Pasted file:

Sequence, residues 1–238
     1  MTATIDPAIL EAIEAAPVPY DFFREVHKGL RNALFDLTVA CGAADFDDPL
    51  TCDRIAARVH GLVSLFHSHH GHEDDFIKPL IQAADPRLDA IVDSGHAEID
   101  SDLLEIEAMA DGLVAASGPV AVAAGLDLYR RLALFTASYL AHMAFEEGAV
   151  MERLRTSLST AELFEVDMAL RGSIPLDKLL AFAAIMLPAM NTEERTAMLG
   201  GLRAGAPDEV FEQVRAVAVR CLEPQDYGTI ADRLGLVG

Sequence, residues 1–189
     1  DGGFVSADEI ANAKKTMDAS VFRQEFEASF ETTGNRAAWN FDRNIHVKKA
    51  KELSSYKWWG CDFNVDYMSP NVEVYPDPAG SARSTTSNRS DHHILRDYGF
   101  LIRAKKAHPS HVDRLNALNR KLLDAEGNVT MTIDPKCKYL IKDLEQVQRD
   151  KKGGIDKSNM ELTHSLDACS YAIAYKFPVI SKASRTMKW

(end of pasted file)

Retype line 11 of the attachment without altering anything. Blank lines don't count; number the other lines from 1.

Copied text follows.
   151  KKGGIDKSNM ELTHSLDACS YAIAYKFPVI SKASRTMKW